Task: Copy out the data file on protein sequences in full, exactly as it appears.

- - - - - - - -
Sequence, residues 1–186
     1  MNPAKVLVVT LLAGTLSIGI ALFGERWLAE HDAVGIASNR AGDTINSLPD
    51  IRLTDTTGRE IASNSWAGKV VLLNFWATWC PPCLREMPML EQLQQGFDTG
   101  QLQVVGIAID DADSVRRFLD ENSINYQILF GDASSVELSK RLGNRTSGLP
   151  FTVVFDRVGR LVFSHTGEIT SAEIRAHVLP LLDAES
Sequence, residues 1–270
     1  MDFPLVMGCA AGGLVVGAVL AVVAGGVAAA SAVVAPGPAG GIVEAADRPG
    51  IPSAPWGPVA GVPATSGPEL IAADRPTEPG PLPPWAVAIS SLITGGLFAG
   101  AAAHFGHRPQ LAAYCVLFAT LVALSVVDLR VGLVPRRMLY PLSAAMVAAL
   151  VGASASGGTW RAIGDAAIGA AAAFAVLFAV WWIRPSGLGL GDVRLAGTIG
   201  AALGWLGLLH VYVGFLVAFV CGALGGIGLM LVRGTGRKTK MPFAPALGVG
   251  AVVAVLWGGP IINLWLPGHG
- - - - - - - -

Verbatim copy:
Sequence, residues 1–186
     1  MNPAKVLVVT LLAGTLSIGI ALFGERWLAE HDAVGIASNR AGDTINSLPD
    51  IRLTDTTGRE IASNSWAGKV VLLNFWATWC PPCLREMPML EQLQQGFDTG
   101  QLQVVGIAID DADSVRRFLD ENSINYQILF GDASSVELSK RLGNRTSGLP
   151  FTVVFDRVGR LVFSHTGEIT SAEIRAHVLP LLDAES
Sequence, residues 1–270
     1  MDFPLVMGCA AGGLVVGAVL AVVAGGVAAA SAVVAPGPAG GIVEAADRPG
    51  IPSAPWGPVA GVPATSGPEL IAADRPTEPG PLPPWAVAIS SLITGGLFAG
   101  AAAHFGHRPQ LAAYCVLFAT LVALSVVDLR VGLVPRRMLY PLSAAMVAAL
   151  VGASASGGTW RAIGDAAIGA AAAFAVLFAV WWIRPSGLGL GDVRLAGTIG
   201  AALGWLGLLH VYVGFLVAFV CGALGGIGLM LVRGTGRKTK MPFAPALGVG
   251  AVVAVLWGGP IINLWLPGHG